Room to move
The move to Scotland had allowed me to find myself. I was liberated from my former life in the south of England living in a tiny bedsit in a stressful, far too busy, depressing world, surrounded by a culture I didn’t fit in with. Luckily for me I managed to seize the chance to escape to a life by the sea. I was lucky to get the chance. The pandemic emphasised how fortunate I was to have made those changes to my life. I know plenty of people who struggled with their mental health being alone or stuck somewhere they didn’t want to be. When I see orcas and dolphins in captivity, I think they must feel the same.
I was aware of the issue of orcas and dolphins in captivity from an early age. When I was six years old I lived in Hong Kong and my parents took me to Ocean Park. I recall seeing the lone young orca and the dolphins doing a routine in a swimming pool, but I wasn’t interested. I was more interested in the Atoll Reef aquarium as the animals were behaving more naturally and were not forced to do tricks. Six-year-old me was bored by seeing an orca breaching?!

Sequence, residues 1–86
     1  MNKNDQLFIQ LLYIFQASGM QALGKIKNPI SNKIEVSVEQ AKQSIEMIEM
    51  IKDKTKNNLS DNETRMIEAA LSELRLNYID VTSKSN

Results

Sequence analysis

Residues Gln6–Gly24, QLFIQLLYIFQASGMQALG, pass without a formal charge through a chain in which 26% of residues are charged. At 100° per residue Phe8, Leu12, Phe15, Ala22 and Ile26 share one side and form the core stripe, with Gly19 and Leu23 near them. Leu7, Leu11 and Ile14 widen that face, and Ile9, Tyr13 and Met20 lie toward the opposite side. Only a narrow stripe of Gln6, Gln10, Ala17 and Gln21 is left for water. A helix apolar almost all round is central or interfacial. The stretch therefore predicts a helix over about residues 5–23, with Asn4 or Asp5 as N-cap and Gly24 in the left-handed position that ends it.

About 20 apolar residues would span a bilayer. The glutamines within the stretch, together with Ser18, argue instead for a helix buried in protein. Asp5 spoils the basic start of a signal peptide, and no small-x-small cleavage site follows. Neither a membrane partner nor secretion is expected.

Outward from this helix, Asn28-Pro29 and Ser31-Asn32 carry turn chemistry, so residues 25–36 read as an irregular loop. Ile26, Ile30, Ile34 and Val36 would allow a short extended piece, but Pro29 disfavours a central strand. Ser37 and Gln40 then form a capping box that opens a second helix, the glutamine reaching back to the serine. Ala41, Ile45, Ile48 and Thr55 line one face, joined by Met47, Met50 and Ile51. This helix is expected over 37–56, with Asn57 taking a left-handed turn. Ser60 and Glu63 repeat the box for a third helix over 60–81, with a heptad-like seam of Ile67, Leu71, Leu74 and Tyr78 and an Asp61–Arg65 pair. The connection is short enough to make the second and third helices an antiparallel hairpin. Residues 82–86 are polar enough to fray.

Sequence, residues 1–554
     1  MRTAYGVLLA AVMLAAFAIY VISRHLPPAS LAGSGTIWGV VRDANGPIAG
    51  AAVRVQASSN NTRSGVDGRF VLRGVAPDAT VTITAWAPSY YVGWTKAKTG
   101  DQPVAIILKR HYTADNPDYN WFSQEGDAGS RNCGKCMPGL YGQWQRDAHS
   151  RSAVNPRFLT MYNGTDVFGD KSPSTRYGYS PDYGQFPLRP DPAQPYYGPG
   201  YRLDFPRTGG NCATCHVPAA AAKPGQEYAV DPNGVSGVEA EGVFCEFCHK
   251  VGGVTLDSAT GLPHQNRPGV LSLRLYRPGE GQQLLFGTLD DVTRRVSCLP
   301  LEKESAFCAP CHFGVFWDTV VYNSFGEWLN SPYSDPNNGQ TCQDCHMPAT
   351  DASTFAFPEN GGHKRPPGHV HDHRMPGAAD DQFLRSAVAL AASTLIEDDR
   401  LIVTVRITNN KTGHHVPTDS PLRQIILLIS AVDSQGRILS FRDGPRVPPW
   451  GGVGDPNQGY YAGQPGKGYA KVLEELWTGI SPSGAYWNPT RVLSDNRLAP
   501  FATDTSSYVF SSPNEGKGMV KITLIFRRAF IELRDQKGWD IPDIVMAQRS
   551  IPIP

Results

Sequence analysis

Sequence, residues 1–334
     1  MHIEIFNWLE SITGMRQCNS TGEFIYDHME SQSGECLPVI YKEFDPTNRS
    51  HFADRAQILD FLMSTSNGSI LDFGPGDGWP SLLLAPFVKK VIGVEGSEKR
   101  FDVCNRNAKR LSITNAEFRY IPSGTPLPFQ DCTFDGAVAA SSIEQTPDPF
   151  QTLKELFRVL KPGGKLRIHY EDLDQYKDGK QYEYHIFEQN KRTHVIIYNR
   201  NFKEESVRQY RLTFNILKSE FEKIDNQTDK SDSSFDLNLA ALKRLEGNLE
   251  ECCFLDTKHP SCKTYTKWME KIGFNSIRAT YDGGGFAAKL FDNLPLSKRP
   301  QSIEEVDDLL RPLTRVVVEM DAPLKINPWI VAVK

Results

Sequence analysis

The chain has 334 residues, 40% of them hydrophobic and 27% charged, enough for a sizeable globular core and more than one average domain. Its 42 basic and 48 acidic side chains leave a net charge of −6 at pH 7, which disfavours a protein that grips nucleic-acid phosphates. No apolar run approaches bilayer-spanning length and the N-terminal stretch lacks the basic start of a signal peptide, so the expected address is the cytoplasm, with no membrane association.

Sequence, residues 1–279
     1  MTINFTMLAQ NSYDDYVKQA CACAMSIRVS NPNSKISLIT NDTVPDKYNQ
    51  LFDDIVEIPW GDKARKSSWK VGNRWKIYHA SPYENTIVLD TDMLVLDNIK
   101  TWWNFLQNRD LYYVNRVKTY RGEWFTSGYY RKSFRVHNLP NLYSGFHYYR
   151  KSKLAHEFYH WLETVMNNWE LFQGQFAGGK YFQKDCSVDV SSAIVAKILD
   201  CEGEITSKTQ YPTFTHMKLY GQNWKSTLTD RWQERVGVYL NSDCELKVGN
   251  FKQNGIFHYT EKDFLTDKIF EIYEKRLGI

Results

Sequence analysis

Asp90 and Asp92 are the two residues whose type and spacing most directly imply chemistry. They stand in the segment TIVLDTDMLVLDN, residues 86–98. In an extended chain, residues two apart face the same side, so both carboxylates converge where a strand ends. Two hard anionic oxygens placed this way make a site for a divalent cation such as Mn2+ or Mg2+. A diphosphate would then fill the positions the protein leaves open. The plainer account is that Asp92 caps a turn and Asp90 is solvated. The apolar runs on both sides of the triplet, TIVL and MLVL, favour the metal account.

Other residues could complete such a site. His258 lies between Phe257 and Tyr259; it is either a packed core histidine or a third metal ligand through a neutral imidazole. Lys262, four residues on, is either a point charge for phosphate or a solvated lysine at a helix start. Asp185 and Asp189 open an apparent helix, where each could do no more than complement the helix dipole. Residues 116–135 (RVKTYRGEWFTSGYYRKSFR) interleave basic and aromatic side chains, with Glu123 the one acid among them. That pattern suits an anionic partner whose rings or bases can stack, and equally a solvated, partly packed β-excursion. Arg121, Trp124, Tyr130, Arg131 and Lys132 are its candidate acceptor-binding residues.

Fast forward to 2016 and at 42 years old I was bawling my eyes out seeing my first wild orcas. Seeing wild orcas eight kilometres away made me cry. I guess it was due to the suspense built up by the drama of all my failures to see them, and then finally the reward of crossing paths with orcas wild and free and finding out who they are and their backstory. I remember everything about that encounter with Hulk and Mousa’s pod. Everything. It gripped me so much that I again acted and changed my life. I ditched my career in engineering and I am now a guide and skipper for a whale watching boat.
Sharing the love
With my newfound knowledge, it’s now my absolute privilege to connect people to whales and dolphins. For me, there’s nothing more satisfying than seeing people connect with orcas. This year I saw orcas at Fraserburgh on the Moray Firth coast for the first time. When I first spotted them I was alone. No one really watched from there, but after several weeks of watching, there were about 200 happy people stood at the lighthouse each day watching out for these beautiful creatures with their newborn calf. The camaraderie amongst watchers was so uplifting, and it was all for free. All you need is a set of decent binoculars, outdoor clothing and some time to spend on the coast.